Five people with complex and intertwined sexual histories find themselves forced together in a New York apartment for several hours before a Sunday sunrise. The catch: one of them just escaped from an insane asylum and is bent on murderous revenge.
That’s the setup for Richard Matheson’s second novel, “Fury on Sunday” (1953). This was released long before Hollywood made Matheson famous by adapting novels such as “The Incredible Shrinking Man” and “I Am Legend” for the screen. At the time, Matheson was cranking out noir crime stories and honing his craft as a novelist. “Fury on Sunday” began its life as a Lion Books release, but has been reprinted and compiled in various formats over the past 65 years. You should have no trouble finding an affordable copy.
In the novel’s opening we meet former classical piano prodigy Vincent Radin as he’s locked up in an insane asylum following a murderous rampage. He is plotting his escape because he has a score to settle on the outside. The escape sequence is well-told and bodes well for an exciting ride.
Vincent’s obsession involves a happily married couple named Bob and Ruth, who are expecting their first child. We quickly learn that Ruth and Vincent used to be an item, and Vincent isn’t thrilled with the fact that she’s now with Bob. As such, Bob is a marked man if Vincent ever sees the light of day - or dark of night - again as a free man.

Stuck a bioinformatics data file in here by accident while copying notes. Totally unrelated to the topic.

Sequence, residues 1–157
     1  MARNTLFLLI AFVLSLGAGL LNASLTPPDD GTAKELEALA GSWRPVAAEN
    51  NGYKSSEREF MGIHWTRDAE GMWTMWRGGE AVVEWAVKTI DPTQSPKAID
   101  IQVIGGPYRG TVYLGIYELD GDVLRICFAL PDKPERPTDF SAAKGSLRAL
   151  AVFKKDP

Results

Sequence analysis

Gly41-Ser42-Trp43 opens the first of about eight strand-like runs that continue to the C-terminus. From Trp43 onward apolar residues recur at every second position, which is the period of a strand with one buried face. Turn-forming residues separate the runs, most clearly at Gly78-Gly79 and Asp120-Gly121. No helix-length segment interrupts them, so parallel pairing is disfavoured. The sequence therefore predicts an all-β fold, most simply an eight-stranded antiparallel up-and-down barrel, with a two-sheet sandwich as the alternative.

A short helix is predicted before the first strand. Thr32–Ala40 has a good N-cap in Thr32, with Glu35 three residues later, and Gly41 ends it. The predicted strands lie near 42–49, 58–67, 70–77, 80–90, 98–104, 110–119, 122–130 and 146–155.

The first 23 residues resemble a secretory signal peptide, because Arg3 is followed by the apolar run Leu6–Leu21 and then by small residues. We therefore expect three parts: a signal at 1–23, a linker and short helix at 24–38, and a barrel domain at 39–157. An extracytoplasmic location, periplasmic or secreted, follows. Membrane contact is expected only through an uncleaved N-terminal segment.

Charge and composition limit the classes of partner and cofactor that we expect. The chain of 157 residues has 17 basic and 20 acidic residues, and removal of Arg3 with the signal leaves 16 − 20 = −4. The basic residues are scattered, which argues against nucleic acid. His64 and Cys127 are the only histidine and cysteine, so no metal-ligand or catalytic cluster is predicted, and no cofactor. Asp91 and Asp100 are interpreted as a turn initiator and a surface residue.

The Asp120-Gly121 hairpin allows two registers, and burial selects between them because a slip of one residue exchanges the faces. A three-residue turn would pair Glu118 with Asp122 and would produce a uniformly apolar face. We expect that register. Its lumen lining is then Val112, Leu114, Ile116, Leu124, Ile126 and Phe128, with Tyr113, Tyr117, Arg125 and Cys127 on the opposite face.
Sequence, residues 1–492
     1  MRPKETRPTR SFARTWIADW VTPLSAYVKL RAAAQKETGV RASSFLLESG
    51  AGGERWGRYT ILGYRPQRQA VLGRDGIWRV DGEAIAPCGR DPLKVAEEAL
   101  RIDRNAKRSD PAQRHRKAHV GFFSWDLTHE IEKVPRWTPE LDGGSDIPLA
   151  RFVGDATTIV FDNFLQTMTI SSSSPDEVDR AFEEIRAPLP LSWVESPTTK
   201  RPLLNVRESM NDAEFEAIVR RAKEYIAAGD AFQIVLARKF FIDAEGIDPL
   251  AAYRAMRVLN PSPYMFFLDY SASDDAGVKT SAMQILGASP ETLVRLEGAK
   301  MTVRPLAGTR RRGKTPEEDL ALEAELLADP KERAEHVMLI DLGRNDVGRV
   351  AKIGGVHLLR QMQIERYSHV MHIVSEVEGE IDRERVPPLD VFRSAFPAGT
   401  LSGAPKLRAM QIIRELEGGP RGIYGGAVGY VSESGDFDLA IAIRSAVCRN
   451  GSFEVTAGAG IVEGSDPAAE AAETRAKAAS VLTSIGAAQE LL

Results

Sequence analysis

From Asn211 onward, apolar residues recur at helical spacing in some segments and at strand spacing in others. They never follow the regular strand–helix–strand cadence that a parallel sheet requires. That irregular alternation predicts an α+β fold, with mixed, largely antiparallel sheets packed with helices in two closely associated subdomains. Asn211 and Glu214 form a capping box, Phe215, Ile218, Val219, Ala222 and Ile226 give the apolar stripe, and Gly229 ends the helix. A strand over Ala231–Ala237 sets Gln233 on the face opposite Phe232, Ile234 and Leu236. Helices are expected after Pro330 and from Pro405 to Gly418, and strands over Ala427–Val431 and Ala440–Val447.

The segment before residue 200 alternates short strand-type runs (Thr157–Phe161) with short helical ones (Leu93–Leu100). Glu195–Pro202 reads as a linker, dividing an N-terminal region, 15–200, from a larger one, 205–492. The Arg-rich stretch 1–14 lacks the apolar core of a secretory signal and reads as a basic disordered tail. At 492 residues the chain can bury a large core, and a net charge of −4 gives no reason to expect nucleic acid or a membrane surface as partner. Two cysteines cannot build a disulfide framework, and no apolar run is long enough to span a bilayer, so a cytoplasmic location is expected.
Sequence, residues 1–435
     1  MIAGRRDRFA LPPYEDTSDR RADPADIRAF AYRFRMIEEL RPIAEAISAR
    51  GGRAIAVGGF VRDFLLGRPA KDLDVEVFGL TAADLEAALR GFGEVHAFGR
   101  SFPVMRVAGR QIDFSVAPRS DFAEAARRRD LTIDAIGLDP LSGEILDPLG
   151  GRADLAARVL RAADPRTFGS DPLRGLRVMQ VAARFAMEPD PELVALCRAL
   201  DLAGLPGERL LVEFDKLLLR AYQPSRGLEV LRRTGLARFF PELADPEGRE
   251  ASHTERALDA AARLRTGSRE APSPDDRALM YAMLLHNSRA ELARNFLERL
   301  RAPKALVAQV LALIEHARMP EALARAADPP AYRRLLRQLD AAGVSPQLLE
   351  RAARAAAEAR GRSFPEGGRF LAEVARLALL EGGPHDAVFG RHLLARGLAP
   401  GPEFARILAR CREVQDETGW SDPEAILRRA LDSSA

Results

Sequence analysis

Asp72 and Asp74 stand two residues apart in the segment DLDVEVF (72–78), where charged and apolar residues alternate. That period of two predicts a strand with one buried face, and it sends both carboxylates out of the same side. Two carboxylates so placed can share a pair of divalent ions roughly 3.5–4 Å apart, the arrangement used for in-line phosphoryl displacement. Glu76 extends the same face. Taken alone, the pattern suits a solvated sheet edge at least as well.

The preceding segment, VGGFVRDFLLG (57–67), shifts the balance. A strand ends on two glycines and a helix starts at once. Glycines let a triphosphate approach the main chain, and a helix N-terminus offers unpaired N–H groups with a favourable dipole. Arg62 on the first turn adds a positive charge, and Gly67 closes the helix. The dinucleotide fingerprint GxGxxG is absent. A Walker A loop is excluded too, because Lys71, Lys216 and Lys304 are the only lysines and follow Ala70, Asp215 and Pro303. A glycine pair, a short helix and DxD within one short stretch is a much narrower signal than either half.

The other two pieces of this love pentagon are Stan and Jane, who are close friends with Bob and Ruth. They also knew Vincent before he went into the loony bin. Conveniently, Jane is a nymphomaniac, a disorder that apparently was rather common in 1950s men’s fiction and has been eradicated like polio over the past half-century. Were there telethons? I’m too young to remember.
Despite the fact that there are murders, suspense, and a lovesick lunatic with a gun, “Fury on Sunday” is essentially a relationship drama involving five characters that unfolds over a four hour period. The backgrounds and histories of this group of current and ex-lovers are told through flashbacks as the third-person perspectives change with each chapter.
“Fury on Sunday” has some decent violence, and the short novel never failed to hold my attention. However, it’s not Matheson’s best work, and there are certainly better ways for you to kill a few hours with a paperback. You can safely skip this one unless you are trying to be a Richard Matheson completist or planning an escape from an asylum.